Busingye explains national forensic laboratory delay

Operationalisation of the National Forensic Laboratory that was initially set for 2015 continues to stall due to difficulties in purchasing the right equipment for the facility, members of the parliamentary Standing Commission on National Budget and Patrimony heard last week.
Minister Busingye said efforts to equip the national forensics lab have suffered some hiccups over the years. File.
Minister Busingye said efforts to equip the national forensics lab have suffered some hiccups over the years. File.

Operationalisation of the National Forensic Laboratory that was initially set for 2015 continues to stall due to difficulties in purchasing the right equipment for the facility, members of the parliamentary Standing Commission on National Budget and Patrimony heard last week.

The Rwf7 billion facility was planned to be up and running by 2015, but the deadline was missed due to a number of factors, including finances, which were not-readily available at the time.

 

Appearing before the Commission to discuss sectoral Budget Proposal for 2017/18 fiscal year, the Minister for Justice, Johnston Busingye, said that though a forensic laboratory would add significant value in preventing crimes, procurement issues had slowed down the whole process to have it open.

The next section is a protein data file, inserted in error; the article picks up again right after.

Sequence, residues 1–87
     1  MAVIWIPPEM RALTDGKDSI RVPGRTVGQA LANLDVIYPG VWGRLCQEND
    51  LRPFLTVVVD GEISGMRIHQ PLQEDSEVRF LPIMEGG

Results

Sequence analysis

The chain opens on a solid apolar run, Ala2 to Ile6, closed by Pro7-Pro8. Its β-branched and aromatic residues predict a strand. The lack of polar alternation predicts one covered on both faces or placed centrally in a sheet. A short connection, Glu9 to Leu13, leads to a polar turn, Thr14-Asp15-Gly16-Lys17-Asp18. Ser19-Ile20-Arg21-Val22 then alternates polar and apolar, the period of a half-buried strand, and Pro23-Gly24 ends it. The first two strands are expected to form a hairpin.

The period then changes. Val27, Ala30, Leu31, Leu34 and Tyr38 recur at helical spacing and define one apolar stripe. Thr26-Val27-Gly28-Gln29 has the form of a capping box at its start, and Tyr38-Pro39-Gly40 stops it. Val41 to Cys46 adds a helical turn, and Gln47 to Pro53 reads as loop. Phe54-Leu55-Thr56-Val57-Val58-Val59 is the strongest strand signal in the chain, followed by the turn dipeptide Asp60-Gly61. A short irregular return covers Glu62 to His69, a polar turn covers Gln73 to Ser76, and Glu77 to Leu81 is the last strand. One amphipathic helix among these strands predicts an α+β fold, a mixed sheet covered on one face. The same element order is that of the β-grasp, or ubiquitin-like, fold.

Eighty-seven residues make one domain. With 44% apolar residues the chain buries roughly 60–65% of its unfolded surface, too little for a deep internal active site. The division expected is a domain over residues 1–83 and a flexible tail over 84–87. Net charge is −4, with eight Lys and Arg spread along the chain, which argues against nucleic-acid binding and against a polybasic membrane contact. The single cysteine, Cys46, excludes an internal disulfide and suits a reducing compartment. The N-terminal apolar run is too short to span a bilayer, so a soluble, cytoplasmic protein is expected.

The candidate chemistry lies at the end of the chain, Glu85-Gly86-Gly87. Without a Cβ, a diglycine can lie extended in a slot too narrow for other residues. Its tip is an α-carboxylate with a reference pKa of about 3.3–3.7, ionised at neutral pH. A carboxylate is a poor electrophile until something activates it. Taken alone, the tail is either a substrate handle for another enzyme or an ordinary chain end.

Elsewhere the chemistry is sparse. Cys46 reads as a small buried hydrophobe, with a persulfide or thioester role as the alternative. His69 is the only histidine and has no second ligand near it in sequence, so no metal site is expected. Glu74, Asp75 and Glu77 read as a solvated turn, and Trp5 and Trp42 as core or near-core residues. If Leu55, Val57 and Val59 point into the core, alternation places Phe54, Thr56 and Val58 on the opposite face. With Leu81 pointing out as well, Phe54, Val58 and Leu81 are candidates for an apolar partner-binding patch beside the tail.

“One of the biggest challenges we have when it comes to such processes is the tender process. However, in this particular case, while we have bought laboratory equipment among other forensic laboratory materials, we had to return some of it more than once because it didn’t meet the specifications we had originally ordered for,” he said.

 

However, the minister explained that skilled personnel had already been trained and we are looking for more employees to work at the facility and promised that the facility should be operational as soon as possible.

The long-awaited forensic facility will be an important addition in terms of providing scientific evidence while also significantly slashing down the cost of evidence-gathering.

Previous reports from Rwanda National Police indicates that Rwanda spends about Rwf800,000 to ship a single sample to Germany or the UK.

MPs task minister

MP Suzanne Mukayijore wondered why, in its tendering process, the Government continued to deal with companies that are costing time and money.

“You have told us that this equipment was ordered and brought then taken back several times, is there an end in sight for such,” she wondered.

To this, Busingye said that though it was unfortunate that the equipment had to be returned, it was all in national interest because they wanted the laboratory to run with first class equipment so they were being thorough about every single detail.

editorial@newtimes.co.rw

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